Who pays for student loan forgiveness?
(NEXSTAR) – Despite recent moves to forgive federal student loan debt for thousands of Americans, including the latest round announced Tuesday, many are continuing to call on President Joe Biden to cancel even more.
Nearly 43 million Americans are responsible for roughly $1.6 trillion in federal student loans. During his campaign, Biden supported forgiving $10,000 per federal borrower, but, over a year into his administration, we haven’t exactly seen that. Some borrowers have seen their debt erased, like the estimated 40,000 impacted by recent changes to “fix longstanding failures in the student loan programs.”
If Biden were to more broadly cancel student loan debt though, who would pay?
The first and obvious answer is the federal government.
The important thing to know is that when the government grants student loans, the federal debt increases, according to the Urban Institute, but the federal deficit projection typically declines a small amount. Federal student loans are made with borrowed money because the federal government expects interest and principal payments in return. When you make a payment on your federal student loans, the federal debt decreases and the government has earned interest on your loan.
If Biden decided to cancel student debt, the federal deficit will increase but by how much depends on the value of the forgiven loans, according to the Urban Institute. It wouldn’t, however, have an immediate impact on the national debt. Eventually, the federal debt will climb when payments that were expected to be paid, aren’t.
Canceling student debt could cost anywhere from $245 billion (if Biden’s proposed $10,000 per borrower is approved) to $1.6 trillion for all federal loans to be erased, according to a report from the Committee for a Responsible Federal Budget.
That means student loan forgiveness would “rank among the largest transfer programs in American history,” fellow Adam Looney explained in a Brookings Institution report. If just $10,000 per borrower is forgiven, it’d cost roughly what the U.S. has spent on welfare since 2000, Looney noted.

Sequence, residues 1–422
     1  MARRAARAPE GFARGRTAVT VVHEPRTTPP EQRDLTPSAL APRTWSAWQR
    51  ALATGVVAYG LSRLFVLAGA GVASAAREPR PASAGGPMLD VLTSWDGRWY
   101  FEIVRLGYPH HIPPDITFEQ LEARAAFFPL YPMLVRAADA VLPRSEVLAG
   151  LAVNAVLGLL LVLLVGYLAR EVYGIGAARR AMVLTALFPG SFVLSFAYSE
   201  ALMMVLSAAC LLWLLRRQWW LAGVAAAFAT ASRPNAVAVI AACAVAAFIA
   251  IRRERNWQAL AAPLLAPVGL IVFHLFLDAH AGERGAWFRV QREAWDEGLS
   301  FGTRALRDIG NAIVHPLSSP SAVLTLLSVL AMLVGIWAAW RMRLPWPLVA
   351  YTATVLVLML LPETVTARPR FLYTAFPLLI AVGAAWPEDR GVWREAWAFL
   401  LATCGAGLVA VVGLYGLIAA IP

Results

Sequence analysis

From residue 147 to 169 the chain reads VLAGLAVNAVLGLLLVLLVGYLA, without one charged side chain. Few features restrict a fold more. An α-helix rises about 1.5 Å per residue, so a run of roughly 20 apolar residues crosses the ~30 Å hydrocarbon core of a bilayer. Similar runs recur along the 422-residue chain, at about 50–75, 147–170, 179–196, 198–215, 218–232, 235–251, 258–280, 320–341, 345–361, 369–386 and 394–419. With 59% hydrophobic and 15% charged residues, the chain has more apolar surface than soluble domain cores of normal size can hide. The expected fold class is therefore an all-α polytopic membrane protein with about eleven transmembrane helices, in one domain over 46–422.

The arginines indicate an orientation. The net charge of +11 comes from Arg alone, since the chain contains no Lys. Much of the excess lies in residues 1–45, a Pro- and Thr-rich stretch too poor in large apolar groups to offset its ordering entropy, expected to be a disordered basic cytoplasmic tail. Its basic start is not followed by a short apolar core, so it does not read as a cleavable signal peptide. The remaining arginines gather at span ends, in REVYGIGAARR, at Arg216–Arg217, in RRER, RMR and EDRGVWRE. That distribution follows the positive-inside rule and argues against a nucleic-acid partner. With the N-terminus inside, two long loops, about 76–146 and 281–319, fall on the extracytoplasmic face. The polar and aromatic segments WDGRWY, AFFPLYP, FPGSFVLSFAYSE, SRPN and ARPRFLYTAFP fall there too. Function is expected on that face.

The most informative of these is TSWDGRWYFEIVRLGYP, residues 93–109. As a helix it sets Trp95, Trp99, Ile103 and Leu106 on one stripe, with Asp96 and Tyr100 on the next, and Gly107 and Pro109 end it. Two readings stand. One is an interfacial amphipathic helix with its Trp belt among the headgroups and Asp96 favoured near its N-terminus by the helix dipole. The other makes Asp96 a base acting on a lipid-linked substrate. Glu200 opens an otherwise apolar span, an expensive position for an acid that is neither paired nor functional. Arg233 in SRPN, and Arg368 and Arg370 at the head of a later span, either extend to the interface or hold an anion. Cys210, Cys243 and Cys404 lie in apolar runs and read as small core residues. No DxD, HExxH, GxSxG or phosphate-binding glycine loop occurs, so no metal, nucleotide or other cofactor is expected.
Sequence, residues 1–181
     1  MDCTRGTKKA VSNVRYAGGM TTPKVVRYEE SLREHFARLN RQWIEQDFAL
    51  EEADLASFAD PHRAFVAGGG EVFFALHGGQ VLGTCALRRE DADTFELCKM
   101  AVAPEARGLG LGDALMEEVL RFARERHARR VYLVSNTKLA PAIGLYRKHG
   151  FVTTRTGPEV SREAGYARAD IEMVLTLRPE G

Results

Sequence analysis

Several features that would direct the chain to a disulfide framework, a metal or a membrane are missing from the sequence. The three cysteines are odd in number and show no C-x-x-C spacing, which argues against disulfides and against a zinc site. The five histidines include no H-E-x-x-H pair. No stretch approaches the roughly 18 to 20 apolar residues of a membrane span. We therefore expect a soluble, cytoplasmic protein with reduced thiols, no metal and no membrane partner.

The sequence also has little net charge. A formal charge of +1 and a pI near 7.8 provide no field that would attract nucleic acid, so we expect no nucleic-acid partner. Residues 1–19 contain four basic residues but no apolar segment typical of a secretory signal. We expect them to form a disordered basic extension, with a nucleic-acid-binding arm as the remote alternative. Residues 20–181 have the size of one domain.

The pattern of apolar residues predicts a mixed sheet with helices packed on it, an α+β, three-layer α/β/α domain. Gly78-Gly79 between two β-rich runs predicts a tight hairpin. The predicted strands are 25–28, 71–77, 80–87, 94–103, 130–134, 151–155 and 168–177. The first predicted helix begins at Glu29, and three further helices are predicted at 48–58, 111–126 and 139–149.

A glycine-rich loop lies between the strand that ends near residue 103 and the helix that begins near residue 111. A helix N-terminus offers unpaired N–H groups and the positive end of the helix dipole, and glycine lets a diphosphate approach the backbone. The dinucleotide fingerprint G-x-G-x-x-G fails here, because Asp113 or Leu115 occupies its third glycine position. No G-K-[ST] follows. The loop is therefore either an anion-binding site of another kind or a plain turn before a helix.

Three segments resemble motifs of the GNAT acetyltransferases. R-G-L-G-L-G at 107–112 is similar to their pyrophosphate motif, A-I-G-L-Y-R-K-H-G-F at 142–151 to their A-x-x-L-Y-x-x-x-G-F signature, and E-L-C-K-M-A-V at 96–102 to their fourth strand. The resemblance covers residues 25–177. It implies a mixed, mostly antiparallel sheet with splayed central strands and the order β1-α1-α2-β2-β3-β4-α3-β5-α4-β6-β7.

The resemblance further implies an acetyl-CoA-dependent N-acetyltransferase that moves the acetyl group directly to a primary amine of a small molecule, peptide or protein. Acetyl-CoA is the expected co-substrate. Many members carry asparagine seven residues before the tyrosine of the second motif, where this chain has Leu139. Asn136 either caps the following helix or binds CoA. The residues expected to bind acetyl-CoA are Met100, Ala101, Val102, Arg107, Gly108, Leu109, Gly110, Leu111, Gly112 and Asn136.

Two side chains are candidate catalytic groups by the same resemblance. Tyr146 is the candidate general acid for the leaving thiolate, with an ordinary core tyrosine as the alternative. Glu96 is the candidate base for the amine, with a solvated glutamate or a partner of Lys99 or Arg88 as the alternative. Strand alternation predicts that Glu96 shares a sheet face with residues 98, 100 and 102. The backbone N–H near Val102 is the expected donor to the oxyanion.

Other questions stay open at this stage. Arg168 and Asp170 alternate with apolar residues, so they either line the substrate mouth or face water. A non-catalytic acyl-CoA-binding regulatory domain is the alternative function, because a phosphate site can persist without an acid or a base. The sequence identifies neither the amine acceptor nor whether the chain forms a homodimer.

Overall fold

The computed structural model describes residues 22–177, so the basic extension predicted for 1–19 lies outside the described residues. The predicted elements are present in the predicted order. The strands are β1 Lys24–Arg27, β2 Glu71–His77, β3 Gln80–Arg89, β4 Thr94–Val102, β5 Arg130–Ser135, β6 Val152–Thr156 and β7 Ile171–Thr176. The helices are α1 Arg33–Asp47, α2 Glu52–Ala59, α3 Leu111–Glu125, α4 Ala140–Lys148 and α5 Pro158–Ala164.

Taxpayers would likely, in turn, also feel some pressure depending on the amount of loans forgiven.
Taxpayers are already on the hook when existing student loans default. The Bipartisan Policy Center released a 2021 report suggesting the cost to the average taxpayer would be exponentially higher over time than the cost of existing defaults if widespread forgiveness is granted.
“The expansion of generous repayment and forgiveness plans suggest that costs to taxpayers may continue to rise,” the report reads. However, it’s not immediately clear how or when taxpayers would feel those increases.
Forgiving student loan debt for 40,000 borrowers earlier this week has an estimated cost to taxpayers of $3 billion, according to a Thursday statement from the House Budget Committee Republican Leader Jason Smith of Missouri.
In some cases, student loan borrowers may still have to dish out money for loan forgiveness. Under certain repayment plans like Public Service Loan Forgiveness, federal law says the forgiveness is non-taxable. When Biden signed the American Rescue Plan Act into law last year, he made federal student loan forgiveness exempt from federal taxation through 2025 on “a general basis,” Forbes reports.
Additional guidance on what types of other student loan repayment plans are and aren’t taxable under that provision hasn’t been released.